During the Elon University football team’s bye week, the coaches littered the meeting room and locker room walls with signs reading “Four-Game Season.”
“It’s really been the focus,” said redshirt freshman quarterback Connor Christiansen. “I think it’s awesome because everything that happened in the last seven games doesn’t matter. It’s these next four games that will.
“If we win out, we’ve got a chance to make the playoffs.”
After the first of the four games left on the schedule, a 21-7 victory over Stony Brook University Oct. 31, head coach Rich Skrosky is proud of the way his team embraced the mentality of a fresh beginning.
“There was a re-energized freshness about our play,” Skrosky said. “The bye week helped in setting that mindset, and we played well. Now, we need to improve these last three weeks.”
For Christiansen, who threw a 50-yard touchdown pass to sophomore wide receiver Demetrius Oliver in the first half, the “four-game season” could not have started any better.
“That was awesome, and it was a lot of hard work showing off,” Christiansen said. “That was definitely the way we wanted to start.”
Skrosky saw the energy as an intangible difference, but noticed two tangible keys in the victory.
“If you win the turnover battle and the big-play battle, you’re going to win the game,” Skrosky said. “When you’re plus-2 in turnovers and plus-7 in the big plays — and their biggest plays were just 15 passing and eight rushing — I would have to think the probability of winning is in the 90-percent range.”
This week’s game against the No. 12 College of William & Mary provides Elon with one of the toughest challenges of the season. Skrosky sees the Stony Brook game and the William & Mary game as a clash in playing styles.
“The hard thing with [William & Mary] — you can load up the front against Stony Brook and they drop some balls, but William & Mary is not going to do that,” he said. “So we need to play as effective as we did in the run game, but at the same time, we can’t be exposed in the pass game.”
The Tribe defeated No. 14 James Madison University 44-41 last week, and Skrosky noticed the way that William & Mary went with “the ebbs and flows” of the game as something Elon should try to emulate.
“They were behind pretty much the whole game — somewhere between 12 and five points — and they never really panicked,” Skrosky said. “That’s the sign of a veteran team, and we need to be doing the same thing.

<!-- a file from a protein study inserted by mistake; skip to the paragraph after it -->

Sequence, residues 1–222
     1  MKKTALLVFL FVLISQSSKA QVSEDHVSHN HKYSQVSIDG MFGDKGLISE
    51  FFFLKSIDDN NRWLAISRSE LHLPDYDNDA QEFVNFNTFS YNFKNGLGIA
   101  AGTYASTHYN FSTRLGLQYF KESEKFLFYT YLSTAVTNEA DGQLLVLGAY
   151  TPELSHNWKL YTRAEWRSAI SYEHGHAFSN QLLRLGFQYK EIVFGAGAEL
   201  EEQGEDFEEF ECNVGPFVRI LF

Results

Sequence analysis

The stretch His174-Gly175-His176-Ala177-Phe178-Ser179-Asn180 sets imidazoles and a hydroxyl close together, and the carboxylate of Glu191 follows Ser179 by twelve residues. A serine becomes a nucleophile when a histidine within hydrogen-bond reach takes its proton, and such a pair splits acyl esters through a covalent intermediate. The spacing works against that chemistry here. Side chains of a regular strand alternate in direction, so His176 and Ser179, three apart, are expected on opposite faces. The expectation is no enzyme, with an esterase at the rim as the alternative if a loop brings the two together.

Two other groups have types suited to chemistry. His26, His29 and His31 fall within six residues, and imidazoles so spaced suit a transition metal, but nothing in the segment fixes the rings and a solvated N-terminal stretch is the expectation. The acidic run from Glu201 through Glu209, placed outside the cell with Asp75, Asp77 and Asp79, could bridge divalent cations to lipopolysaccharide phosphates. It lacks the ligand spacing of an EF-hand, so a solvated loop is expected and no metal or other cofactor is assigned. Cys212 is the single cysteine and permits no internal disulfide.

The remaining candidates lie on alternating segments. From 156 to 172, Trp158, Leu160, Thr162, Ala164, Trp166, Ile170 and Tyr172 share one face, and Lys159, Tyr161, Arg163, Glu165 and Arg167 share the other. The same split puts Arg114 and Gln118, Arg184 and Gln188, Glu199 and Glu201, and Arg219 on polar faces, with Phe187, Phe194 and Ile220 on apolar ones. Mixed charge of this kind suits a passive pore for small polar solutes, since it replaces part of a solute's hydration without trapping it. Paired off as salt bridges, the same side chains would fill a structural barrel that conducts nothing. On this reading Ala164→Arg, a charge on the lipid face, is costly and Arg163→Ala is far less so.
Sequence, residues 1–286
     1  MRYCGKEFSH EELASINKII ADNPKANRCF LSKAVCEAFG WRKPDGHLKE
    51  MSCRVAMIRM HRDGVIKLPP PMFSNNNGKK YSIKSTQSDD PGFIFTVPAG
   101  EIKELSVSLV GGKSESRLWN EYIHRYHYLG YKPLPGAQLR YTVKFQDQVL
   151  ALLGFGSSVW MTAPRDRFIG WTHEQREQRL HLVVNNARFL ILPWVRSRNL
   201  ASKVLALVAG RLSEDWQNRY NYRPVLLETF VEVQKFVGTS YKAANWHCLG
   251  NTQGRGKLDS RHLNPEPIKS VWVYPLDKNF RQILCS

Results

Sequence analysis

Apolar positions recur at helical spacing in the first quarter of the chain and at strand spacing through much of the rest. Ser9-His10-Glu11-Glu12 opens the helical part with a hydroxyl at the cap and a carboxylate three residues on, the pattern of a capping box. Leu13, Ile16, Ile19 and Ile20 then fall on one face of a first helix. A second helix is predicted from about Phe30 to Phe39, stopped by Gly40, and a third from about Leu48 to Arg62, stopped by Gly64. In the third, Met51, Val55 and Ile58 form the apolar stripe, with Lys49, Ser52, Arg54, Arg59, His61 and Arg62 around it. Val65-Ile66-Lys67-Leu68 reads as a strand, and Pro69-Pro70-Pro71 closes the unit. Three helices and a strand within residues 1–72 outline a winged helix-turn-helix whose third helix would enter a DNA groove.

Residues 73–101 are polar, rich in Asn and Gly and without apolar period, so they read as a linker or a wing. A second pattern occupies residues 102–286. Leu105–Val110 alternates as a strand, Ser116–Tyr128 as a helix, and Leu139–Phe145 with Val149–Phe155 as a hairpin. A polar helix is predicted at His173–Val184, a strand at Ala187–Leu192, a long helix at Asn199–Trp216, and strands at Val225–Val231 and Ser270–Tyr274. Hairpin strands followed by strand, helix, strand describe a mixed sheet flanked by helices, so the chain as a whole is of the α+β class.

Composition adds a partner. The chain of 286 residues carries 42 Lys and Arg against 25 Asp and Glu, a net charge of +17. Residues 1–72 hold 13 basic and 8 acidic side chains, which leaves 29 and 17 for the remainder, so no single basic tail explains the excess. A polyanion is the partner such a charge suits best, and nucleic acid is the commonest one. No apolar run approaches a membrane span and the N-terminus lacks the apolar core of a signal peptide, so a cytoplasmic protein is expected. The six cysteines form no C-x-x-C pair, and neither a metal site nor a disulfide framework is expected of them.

“If we go down a little bit, no big deal. Handle that ebb, if you will, and react to it and be good on both sides of the ball. We’re going have to score points, there’s no question about it.”
Skrosky has been striving for big plays from the offense, and was pleased with the three scores on plays longer than 20 yards. Each quarterback — freshman starter Daniel Thompson and Christiansen — threw a touchdown pass against the Seawolves, leading Skrosky to say there is no system set for playing time.
“We really don’t have a formula with the quarterbacks,” Skrosky said. “They both practiced well going into the game, and they both played well. They both did some good things. I think you’re probably gonna see both of them [against William & Mary] unless something crazy happens.”
Skrosky wishes he could predict when each quarterback would play each series, but beyond the first few drives, the decision is “a gut instinct” for Skrosky. Christiansen is not as concerned with the playing time or the opponents left — he feels confident in his teammates and in the team’s chances for the last three games.
“As long as we play our game, and as long as we go out there and not let the opponent get in our head,” Christiansen said. “We just got to play our game and play to the best of our ability. As long as we can do that, I think winning these next three games is a very strong possibility.”